[0059] The adhesive was then dried for no less than 10 minutes at ambient temperature (21° C.) and no greater than 50% humidity. It was found that this process resulted in a 10-20 μm thick, 12 μm average, adhesive layer having approximately 60% area coverage of the PE film as measured by SEM. Based on the above coverage and an adhesive density of approximately 8.65 lb/gal (1,032 kg/m3), the range of adhesive coverage was calculated to be 6.2-12.4 g/m2 of adhesive, more preferably 6.2-8 g/m2, corresponding to the average adhesive thickness. By calculation, if 50% film coverage is achieved, this could provide 5.1-10.2 g/m2 of adhesive, and more typically 5.1-6.12 g/m2, applied to a film.

[0060] A TiO2 dispersion having 10 weight-percent of TiO2 ranging from 100-300 nm number mean diameter and an average 150 nm number mean diameter, in water, was sprayed onto the adhesive with the nozzle combination described supra. It was found that the coverage resulted in 2-10 μm thick hemispherical drops ranging from 5-20 μm in diameter at approximately 10% total particle coverage. It was calculated that 0.82-4.1 g/m2 of TiO2 was applied to the adhesive.

[0061] Test Methodology

[0062] The following is a general description of the 180-degree peel force test and calculations used to evaluate the performance of the embodiment described supra against a container surface or relative to itself.

[0063] General Peel Test Methodology

[0064] 1. The product was prepared into sample strips measuring 1.3 inches wide (3.3 cm).

[0065] 2. Samples strips for the container surface peel test (described infra) were 6 inches long (15.24 cm). Samples strips for the active-to-active peel test (described infra) were 12 inches long (30.48 cm).

[0066] 3. Each sample was placed on the target surface (secondary surface, or adhesive-to-adhesive) with a 35 Shore A durometer roller. The roller was translated along the length of the sample at a rate of 2.5-3 inches/sec (6.35-7.62 cm/sec) while attached to a force gauge. A force of 3 lb (13.3 N) was applied across the width of the 1.3-inch (3.3 cm) wide sample strip with the roller.

[0067] 4. An Imada DPS-11 digital force gauge was used to collect peel values. A PS232C analog output was used to download data to a computer. The WinWedge data acquisition software by Taltech was used to download data to a Microsoft Windows Excel spreadsheet. A sampling rate of 100 ms was used for all testing (i.e. a force reading was downloaded to the computer by the software from the force gauge every 100 ms during the test). In all instances, the gauge was used in pull mode.

[0068] 5. For removing samples by peeling, 1 inch (2.54 cm) of each sample was affixed to the hook of the force gauge using a 1-inch (2.54 cm) wide 3M Scotch® masking tape #235. A strip of tape 1.3 inches long (3.3 cm) was cut and affixed first to the sample so that the length of the tape matched the sample width. Then 0.25 inches (0.64 cm) of the tape was overlapped on the lamina sample. The remainder of the tape was affixed to the pull hook on the force gauge.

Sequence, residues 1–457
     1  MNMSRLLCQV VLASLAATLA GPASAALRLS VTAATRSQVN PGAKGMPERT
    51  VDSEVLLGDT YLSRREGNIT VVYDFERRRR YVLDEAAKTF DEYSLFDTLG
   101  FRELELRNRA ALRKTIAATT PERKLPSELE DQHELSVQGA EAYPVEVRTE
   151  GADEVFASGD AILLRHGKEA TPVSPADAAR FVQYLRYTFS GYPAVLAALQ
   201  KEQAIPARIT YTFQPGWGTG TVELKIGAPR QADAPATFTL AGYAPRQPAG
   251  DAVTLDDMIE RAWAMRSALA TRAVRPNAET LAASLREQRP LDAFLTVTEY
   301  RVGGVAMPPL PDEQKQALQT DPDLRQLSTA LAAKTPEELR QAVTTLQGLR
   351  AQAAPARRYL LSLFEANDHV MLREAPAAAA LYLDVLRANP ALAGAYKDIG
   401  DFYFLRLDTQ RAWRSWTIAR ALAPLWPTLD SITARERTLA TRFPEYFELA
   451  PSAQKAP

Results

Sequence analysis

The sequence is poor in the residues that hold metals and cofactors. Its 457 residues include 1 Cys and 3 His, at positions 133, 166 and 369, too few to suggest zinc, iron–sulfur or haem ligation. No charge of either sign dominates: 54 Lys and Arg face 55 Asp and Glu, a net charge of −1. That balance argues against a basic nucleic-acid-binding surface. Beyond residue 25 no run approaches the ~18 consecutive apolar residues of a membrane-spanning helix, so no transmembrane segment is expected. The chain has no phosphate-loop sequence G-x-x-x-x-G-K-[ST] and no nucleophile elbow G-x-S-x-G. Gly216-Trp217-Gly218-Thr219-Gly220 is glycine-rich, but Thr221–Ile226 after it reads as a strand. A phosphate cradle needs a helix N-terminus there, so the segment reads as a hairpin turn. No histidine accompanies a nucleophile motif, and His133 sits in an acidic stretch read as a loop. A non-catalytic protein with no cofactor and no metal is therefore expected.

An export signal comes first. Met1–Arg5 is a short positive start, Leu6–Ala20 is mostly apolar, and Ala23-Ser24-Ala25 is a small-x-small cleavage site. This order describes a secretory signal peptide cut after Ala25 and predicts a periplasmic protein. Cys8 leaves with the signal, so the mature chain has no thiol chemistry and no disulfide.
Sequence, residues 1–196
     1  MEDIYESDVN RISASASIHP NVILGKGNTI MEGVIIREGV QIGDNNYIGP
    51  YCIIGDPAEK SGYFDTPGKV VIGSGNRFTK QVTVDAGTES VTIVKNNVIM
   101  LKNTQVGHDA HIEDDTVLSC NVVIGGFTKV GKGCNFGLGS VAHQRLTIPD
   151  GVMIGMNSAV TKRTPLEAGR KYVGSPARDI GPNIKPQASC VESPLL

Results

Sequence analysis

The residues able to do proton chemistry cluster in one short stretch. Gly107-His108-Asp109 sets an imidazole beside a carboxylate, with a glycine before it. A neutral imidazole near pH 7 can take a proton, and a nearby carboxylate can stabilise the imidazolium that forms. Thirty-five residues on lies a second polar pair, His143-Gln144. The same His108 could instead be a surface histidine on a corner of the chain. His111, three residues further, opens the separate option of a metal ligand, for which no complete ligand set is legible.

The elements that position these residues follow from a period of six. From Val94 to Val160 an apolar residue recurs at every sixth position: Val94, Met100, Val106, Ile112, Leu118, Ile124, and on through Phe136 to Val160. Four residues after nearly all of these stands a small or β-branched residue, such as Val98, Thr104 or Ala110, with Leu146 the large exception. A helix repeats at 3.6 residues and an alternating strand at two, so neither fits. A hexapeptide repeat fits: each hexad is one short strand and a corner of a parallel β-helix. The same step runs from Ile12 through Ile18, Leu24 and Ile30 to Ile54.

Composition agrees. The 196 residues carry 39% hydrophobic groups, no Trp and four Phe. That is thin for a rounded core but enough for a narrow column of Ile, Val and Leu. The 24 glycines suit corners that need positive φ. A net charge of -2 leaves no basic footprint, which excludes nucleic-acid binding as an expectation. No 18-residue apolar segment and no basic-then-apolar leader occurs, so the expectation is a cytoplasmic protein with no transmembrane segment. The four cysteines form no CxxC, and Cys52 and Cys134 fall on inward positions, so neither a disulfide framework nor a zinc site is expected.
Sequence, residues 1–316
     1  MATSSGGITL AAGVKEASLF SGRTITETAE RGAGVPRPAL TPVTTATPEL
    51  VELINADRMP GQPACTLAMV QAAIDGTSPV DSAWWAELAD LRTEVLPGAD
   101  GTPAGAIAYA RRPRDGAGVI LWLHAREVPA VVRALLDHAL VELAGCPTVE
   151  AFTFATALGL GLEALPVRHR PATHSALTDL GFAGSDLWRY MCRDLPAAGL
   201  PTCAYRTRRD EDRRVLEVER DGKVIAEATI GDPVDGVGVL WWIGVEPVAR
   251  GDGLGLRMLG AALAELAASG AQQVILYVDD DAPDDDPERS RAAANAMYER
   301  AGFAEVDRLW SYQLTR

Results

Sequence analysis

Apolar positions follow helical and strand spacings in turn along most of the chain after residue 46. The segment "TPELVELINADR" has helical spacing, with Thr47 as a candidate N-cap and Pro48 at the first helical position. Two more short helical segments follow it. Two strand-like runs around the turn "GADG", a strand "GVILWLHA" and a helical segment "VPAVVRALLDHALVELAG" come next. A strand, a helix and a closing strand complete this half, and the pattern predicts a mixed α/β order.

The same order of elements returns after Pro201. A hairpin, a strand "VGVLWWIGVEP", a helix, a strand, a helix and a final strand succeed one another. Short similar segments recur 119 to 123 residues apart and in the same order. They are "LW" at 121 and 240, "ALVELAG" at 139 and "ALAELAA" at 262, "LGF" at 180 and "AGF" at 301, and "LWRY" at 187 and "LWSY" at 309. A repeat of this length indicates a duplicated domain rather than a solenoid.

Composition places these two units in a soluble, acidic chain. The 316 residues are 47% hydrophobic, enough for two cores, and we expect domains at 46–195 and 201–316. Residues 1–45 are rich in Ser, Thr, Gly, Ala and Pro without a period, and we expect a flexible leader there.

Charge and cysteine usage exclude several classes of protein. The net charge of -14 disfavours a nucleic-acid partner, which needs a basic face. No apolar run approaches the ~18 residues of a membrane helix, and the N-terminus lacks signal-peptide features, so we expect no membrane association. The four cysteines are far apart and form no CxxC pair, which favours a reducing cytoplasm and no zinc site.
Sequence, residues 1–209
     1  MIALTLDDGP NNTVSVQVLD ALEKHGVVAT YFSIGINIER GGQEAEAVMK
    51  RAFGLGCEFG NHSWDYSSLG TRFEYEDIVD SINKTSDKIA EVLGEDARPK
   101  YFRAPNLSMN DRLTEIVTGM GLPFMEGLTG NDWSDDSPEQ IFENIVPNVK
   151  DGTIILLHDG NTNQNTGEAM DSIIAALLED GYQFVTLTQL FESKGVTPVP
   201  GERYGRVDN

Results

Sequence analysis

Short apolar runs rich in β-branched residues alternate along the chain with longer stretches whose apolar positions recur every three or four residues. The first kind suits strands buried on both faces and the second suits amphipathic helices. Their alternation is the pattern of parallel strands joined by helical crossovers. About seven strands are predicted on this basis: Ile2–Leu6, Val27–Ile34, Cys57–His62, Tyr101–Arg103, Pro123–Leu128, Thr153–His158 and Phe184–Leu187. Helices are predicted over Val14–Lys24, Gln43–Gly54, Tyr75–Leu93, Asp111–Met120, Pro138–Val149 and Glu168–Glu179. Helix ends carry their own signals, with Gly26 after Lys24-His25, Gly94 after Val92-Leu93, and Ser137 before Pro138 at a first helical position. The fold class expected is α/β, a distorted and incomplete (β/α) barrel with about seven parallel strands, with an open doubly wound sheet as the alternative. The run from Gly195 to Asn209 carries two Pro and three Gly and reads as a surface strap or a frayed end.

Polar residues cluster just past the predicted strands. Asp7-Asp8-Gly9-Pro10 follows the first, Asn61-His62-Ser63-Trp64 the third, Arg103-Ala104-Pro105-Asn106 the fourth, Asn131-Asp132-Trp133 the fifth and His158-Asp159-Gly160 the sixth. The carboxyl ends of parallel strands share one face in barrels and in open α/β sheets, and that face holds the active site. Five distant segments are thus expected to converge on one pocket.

[0069] 6. The sample taped to the force gauge was then peeled back parallel to the length of the sample, by hand. This resulted in each sample being peeled back at 180 degrees from the application direction of the sample to the surface.

[0070] 7. After the test data was collected, the computer calculated an arithmetic mean of the collected force data for calculation of the total force applied during the entire peel test process. The calculated mean value was then divided by the sample width (1.3 inch (3.3 cm)) to calculate the peel force per unit length for both the container surface peel test and the adhesive-to-adhesive peel test. The computer also calculated the standard deviation of the calculated arithmetic means. The calculated results obtained are presented in Tables 1 and 2, infra.

[0071] a. Container Surface Peel Test

[0072] 1. A 6-inch sample, prepared as described supra, was applied to the bottom surface of three container types: Pyrex™, Stainless Steel, and polypropylene as described in Step 3, supra at ambient temperature, 70-75° F. (21-24° C.). The polypropylene container was a Flavor Savers 5-cup polypropylene container with lid, by Sterilite®.

[0073] 2. For each container type, five applied samples were stored at one of either 40° F., 70-75° F. (ambient), or 105° F. for 17-27 hours.

[0074] 3. Samples were removed from the storage temperature and surface temperatures were allowed to equilibrate to ambient temperature (70-75° F.) for no less than 30 minutes and no more than 2 hours before conducting the peel test.